Speech by SJ at closing ceremony of ICAC's Professional Anti-corruption Training in Major Infrastructure Projects (English only) (with photo)

  Following is the speech by the Secretary for Justice, Mr Paul Lam, SC, at the closing ceremony of the Independent Commission Against Corruption (ICAC)'s Professional Anti-corruption Training in Major Infrastructure Projects today (October 11):

Commissioner Mr Woo (ICAC Commissioner, Mr Woo Ying-ming), Deputy Commissioner Mr Yau (ICAC Deputy Commissioner Mr Ricky Yau), ICAC colleagues, consuls-general, distinguished guests, ladies and gentlemen,

  Good afternoon. It gives me great pleasure to officiate at the closing ceremony of the ICAC's Professional Anti-corruption Training in Major Infrastructure Projects, a training programme bringing together esteemed anti-corruption officers from Hong Kong, Macau and about 13 countries under the Belt and Road Initiative.

Corruption and the construction of infrastructures

  This year marks the 10th anniversary of the Belt and Road Initiative. As the Secretary for Justice and Chairperson of the Working Group on Belt and Road Development under the Steering Group on Integration into National Development of the Hong Kong Government, I find it especially meaningful to share my views at this closing ceremony.

  Since the inception of the Belt and Road Initiative, participants have jointly advanced "hard connectivity" involving the construction of various large-scale infrastructure projects in different countries. There is no doubt that the construction of infrastructures, such as sea ports, airports, railways and power plants, plays a vital role in promoting the prosperity of any modern society. These infrastructures develop urban spaces, define a city's unique outlook, facilitate connections between people both within and outside their respective countries, enhance economic developments and improve quality of life as a whole.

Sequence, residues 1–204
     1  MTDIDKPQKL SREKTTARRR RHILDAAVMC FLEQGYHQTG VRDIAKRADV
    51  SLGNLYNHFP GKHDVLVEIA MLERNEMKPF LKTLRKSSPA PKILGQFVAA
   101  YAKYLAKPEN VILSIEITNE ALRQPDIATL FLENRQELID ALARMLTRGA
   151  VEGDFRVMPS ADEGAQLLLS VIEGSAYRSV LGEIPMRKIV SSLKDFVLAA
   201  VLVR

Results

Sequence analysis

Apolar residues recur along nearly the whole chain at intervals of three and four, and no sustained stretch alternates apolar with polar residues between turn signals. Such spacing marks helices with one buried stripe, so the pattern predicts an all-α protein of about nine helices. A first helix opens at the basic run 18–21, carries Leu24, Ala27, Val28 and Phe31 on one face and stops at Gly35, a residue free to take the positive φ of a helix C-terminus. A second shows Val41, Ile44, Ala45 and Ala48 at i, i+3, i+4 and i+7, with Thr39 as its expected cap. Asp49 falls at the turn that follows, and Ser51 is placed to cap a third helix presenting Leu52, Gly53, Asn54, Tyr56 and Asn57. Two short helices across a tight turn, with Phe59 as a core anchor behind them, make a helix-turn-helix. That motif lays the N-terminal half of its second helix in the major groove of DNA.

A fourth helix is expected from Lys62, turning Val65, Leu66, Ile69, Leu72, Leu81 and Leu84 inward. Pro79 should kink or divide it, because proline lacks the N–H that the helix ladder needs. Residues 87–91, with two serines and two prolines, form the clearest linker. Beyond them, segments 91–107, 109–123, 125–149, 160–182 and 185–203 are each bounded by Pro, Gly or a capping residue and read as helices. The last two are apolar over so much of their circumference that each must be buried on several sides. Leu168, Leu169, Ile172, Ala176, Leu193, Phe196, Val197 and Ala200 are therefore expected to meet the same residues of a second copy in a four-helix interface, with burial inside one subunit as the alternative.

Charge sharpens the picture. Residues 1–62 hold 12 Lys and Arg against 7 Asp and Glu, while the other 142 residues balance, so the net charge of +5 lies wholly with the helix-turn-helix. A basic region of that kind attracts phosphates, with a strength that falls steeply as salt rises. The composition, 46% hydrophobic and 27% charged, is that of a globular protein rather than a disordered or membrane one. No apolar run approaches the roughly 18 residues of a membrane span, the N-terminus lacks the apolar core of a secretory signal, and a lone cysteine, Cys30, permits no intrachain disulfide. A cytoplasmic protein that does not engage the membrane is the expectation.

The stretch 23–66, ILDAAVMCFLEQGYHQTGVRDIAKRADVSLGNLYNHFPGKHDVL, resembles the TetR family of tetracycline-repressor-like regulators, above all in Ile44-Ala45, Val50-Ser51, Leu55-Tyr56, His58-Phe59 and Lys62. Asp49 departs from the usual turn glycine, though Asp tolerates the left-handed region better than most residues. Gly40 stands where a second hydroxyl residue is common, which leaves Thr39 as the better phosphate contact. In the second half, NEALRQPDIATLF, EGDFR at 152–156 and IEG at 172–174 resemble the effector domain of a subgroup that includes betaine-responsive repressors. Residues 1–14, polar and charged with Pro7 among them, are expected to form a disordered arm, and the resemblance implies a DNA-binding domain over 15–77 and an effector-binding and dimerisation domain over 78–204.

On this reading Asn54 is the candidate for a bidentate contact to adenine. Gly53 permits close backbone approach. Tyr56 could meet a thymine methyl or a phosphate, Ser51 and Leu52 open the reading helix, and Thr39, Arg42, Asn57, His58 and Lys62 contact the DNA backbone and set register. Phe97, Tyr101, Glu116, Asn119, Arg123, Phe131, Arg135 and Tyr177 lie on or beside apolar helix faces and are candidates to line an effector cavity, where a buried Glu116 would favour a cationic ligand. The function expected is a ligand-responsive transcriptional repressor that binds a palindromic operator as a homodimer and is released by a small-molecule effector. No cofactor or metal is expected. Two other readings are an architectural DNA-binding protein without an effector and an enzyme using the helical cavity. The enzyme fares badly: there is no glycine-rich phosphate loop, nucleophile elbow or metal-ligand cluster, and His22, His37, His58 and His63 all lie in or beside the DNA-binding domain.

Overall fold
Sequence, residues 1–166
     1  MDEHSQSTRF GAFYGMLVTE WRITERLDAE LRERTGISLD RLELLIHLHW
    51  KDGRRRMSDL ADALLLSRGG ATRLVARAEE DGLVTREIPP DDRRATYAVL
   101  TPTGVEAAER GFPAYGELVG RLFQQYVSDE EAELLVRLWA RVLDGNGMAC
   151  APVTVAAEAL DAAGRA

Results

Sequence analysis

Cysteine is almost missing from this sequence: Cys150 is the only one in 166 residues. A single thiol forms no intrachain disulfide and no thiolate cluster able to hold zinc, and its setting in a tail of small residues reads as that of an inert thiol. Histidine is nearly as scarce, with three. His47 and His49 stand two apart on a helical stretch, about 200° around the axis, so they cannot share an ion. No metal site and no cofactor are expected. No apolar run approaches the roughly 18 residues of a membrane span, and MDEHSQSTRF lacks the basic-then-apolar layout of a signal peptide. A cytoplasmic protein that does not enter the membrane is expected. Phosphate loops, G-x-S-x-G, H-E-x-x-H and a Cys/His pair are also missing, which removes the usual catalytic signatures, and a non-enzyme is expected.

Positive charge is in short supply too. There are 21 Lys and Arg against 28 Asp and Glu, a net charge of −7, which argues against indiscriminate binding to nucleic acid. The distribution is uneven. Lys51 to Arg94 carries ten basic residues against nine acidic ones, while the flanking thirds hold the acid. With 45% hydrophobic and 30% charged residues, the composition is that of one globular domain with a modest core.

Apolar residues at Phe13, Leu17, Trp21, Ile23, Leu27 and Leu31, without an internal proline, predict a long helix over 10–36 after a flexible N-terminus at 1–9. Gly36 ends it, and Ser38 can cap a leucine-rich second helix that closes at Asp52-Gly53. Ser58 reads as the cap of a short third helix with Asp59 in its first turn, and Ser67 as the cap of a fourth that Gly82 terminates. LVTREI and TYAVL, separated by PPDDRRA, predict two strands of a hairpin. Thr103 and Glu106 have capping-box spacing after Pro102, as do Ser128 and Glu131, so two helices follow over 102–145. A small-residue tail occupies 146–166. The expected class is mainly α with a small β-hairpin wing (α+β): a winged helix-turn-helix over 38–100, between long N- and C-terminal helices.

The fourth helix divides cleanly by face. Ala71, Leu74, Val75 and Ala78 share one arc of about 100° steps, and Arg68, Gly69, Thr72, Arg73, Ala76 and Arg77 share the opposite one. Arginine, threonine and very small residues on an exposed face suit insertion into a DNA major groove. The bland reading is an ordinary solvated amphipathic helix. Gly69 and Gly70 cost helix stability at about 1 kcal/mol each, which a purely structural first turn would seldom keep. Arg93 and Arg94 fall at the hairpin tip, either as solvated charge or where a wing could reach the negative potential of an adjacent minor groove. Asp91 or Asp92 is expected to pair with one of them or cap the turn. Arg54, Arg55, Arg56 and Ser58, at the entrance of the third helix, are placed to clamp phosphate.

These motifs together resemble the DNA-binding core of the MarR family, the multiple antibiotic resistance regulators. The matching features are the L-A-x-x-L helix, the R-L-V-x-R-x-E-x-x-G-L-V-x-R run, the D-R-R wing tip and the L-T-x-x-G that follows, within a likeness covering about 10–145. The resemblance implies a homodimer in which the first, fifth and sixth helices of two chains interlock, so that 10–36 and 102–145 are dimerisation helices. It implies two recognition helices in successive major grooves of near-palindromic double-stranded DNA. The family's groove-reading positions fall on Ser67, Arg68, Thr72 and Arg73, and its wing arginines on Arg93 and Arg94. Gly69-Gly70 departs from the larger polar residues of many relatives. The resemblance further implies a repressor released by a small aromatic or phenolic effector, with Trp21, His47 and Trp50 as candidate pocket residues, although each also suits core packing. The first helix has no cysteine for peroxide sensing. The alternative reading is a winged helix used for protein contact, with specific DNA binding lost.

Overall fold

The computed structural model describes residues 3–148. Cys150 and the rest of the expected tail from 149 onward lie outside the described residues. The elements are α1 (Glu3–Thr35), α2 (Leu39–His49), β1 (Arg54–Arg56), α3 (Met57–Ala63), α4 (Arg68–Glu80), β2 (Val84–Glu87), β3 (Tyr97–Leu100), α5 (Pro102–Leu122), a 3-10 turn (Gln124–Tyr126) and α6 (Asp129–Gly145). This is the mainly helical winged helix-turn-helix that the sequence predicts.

However, infrastructure projects invariably involve large sums of money, fierce competition and multiple levels of sub-contracting. Such projects are also very often subject to stringent regulation by the authorities. These features would, therefore, render the execution of such projects particularly susceptible to corruption, both in the public and private sectors.

  Without doubt, corruption undermines social fairness and justice, hinders economic co-operation and development and affects government credibility and the rule of law. It may also lead to the failure of important infrastructure projects. And therefore, it is vitally important to enhance the abilities to combat corruption in major infrastructure projects.

Highlights of the training programme

  Since its inception in 1974, the ICAC has been at the frontline of fighting corruption on all fronts and at all levels in Hong Kong. With the ICAC's unwavering commitment, Hong Kong has been ranked by the Corruption Perceptions Index 2022 as the 12th least corrupt place out of 180 jurisdictions, and also ninth out of 140 countries and territories under Absence of Corruption in the World Justice Project Rule of Law Index 2022.

  Building upon its experience and expertise cultivated over the years, the ICAC's seven-day programme presents a unique opportunity for gaining insight into the anti-corruption measures implemented in Hong Kong and on the Mainland, and for engagement with representatives of the ICAC and the Guangdong Provincial Commission of Supervision.